Cyriak Harris is an artist living in Brighton. He makes splendid videos that remind me of the sensation of sugar on my tongue. I feel the urge to push and push, but each video tells me to sit down and understand that “everything is going to be okay.”
Practically everyone can remember a time in his or her childhood when they got to eat a Cornetto ice cream cone, it starts out with an ice cream and topping swirl and ends in a tasty burst of chocolate. Cornetto took the same approach in creating their new series of short films called Cupidity. Each film is highly cinematic and like the Cornetto cones themselves, reveal something new in every act. The films take us around the globe in Istanbul, Hong Kong, New York and Los Angeles, showing off a beautifully filmed vignette showcasing each city.
The Cupidity series of short films Cornetto created are tales of love from a teenager’s perspective- a time when love is grandiose and mysterious, the stuff of fairy tales. The film featured here is called Kismet Diner and is set in a cozy, fifties style diner. The story revolves around Laura, the adorably shy waitress with a gift for singing. The story reveals itself in four acts, each act getting the viewer closer to the “choclately burst” at the end. The whimsical story and storybook setting calls to mind the charm of movies like Amelie.
Cupidity is an interesting project for an ice cream company to take on and certainly one that is blurring the lines between advertising and content. We solute Cornetto for pushing the boundaries of their ad campaigns and adding a creative bend to how they market their brand.
This post is sponsored by Cornetto
So folks… here it is! We’ve got the printer’s proof of Book 4 here at Beautiful/Decay headquarters and we’re excited to share this tape-bound, post-it-riddled version with you, our dedicated readers. Our Exquisite Corpse issue will be sporting a fluorescent yellow spot color throughout the book, front & back fold-out spreads, an array of eye-mesmerizing patterns, and one-of-a-kind type treatments. There’s so much more to it than that, but if we gave you any more details than we couldn’t call this a sneak peek, now could we? Subscribe early as there’s only a couple weeks left to reserve your very own copy of this exquisite issue. Enjoy!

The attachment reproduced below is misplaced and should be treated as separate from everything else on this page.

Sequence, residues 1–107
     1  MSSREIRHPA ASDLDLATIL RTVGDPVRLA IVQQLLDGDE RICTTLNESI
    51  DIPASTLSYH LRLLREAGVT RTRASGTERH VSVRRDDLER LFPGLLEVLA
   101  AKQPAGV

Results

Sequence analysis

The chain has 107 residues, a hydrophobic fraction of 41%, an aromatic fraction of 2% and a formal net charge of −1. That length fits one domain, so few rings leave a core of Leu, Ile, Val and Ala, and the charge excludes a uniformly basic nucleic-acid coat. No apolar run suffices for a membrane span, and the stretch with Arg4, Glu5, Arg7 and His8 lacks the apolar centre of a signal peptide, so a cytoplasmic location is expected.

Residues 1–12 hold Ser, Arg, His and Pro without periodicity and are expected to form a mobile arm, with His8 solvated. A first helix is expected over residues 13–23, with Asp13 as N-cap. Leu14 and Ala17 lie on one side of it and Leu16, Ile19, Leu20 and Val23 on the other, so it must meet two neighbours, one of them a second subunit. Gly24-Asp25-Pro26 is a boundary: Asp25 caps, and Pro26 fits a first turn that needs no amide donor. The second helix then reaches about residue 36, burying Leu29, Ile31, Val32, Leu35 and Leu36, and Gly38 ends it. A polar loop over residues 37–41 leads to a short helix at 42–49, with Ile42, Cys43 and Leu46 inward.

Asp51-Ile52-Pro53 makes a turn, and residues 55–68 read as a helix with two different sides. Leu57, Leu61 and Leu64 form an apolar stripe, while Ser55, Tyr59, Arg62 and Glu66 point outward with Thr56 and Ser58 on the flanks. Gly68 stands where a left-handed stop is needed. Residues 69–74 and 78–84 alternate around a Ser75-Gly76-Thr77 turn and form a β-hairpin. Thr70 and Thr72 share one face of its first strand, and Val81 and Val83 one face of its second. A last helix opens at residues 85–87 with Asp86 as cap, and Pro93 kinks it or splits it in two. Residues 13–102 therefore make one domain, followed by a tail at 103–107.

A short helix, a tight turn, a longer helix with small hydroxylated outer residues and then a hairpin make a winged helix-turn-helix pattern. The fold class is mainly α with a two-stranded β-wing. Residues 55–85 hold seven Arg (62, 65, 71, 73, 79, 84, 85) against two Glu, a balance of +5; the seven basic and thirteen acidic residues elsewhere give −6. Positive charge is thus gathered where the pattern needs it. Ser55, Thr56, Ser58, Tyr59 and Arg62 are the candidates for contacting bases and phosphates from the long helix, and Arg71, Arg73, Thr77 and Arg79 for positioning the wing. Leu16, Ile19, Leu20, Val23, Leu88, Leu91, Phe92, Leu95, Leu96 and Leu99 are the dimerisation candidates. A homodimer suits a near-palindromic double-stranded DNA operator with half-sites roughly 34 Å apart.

Dave Rittinger was bored of the boring graphic tee so he embarked on a creative voyage of spicing up his wardrobe with some shirts that are sure to be one of a kind. You know what they say about a sharped dressed man (in a leaf shirt).
P.S. Make sure to check out Dave’s other photo and installation projects on his website.
Photographer Chistopher Jonassen‘s series Devour seems cosmic in origin. They appear to be photographs of planets mottled by millions of years of meteorite impacts and scarred by geological forces. In reality the series depicts the bottoms of pots. The worn metal is burnt, scratched, and often just old. Devour illustrates the destruction, even violence, inherent in eating and nourishment. On his website Jonassen precedes the series with a quote from philosopher Jean-Paul Sartre: “To eat is to appropriate by destruction.”
Light has always been an essential element in artist Hillary Wiedemann‘s work; her earlier projects exploring the relationship between light and glass, often bending, refracting and shaping light, with regular investigations into the seen, the unseen, the visible, and the nearly visible. Her installations have quickly matured into multi-sensory experiences that seem to evoke a sense of longing for the ability to make light a tangible thing.
This week, The Shooting Gallery in San Francisco debuted “Ritual,” a solo exhibit by painter Charmaine Olivia. For “Ritual,” Olivia shrouds her signature female portraits with a veil of mysticism and magic, citing astrology, druidism, and the goddesses of ancient Greek mythology as inspirations. The beautifully haunting, almost spectral quality of Olivia’s female subjects is a result of her signature blend of realism and fantasy. While maintaining intensely realistic elements, many of the women are stripped down to their innermost layers, and further, into the paintings themselves, as translucent skin drips into bare bones, and tousled tresses fade into abstracted lines, revealing the grain of the wood surface beneath. “Ritual” presents these portraits as altars, flanked with offerings of flowers, candles, bones, and bottles, transforming the gallery into a place of worship, inviting us all to partake in a sacred ceremony to Olivia’s dreamy deities. View the show at The Shooting Gallery until February 4.
Images and news of the Israel-Palestine conflict have been circulating media for a few weeks now. The photographs that emerge out of this war are tragic and graphic. A handful of Palestinian artists have been transforming images of smoke and fire from the attacks on Gaza into portraits that reveal the very real and human cost of these rocket explosions. By inscribing faces and bodies onto images of destruction, these artists are reminding people from all sides that war takes its toll on an individual, human level, a fact that is often erased when the media creates its narratives. These simple, yet powerful, illustrations give these Palestinian artists a voice that they might otherwise not be given, a voice that tells a different story than the ones represented in the original photographs. (via demilked)